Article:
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ESA puts 3D-printed satellite antenna to the test

by • March 19, 2016 • No Comments

We can’t print entire satellites yet, but the 3D printing of primary components is moving forward with ESA unveiling a prototype 3D-printed radio antenna. Today undergoing testing at ESA’s Small Antenna Test Facility in Noordwijk, the Netherlands, it is actually the space agency’s initially 3D-printed dual-reflector antenna incorporating a corrugated feed horn and two reflectors.

According to the ESA team working on the project, the new affordable antenna is created for use in a ” mega-constellation” of tiny satellites. It was printed as a single piece of polymer, and so copper plated via a special system to coat it evenly and completely, as well as to donate it the proper radio-frequency (RF) performance requirements.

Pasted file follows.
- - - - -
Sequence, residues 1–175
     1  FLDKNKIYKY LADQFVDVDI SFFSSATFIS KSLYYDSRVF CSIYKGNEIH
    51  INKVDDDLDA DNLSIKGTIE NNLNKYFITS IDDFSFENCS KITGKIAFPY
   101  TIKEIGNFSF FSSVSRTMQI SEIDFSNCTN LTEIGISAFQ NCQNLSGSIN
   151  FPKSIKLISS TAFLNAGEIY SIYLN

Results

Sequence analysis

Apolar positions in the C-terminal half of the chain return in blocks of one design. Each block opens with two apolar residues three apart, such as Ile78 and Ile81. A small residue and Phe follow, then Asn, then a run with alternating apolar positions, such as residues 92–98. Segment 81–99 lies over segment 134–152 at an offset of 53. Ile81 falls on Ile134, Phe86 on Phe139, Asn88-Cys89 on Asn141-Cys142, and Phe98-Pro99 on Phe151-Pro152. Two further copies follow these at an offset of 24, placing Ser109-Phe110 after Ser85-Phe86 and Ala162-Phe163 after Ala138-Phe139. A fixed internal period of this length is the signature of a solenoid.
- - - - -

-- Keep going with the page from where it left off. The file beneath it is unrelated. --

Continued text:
In addition to lower costs and faster making, ESA says that 3D printing allows for the antenna to be created in a single piece despite its rigorous geometry. This removes the require for assembly and the misalignments and errors that this can cause.

Comparing simulated and actual measured 14.5 Ghz radiation patterns of ESA’s initially 3D-printed dual reflector antenna

ESA is testing the antenna in a shielded chamber created to remove outside interference when testing tiny satellite components. It yet requires additional qualification preceding its certified fit for space missions, and yet the finished antenna has a rougher finish than conventional ones, the ESA team is satisfied with its performance, that tallies well against desktop simulations.

Two various antennae were created for ESA by the Swiss company SWISSto12 and the space agency says that it can now concentrate on additional rigorous geometries that can handle higher frequencies with the goal of making space-qualified RF components for planet Earth observation and science satellites.

Source: ESA


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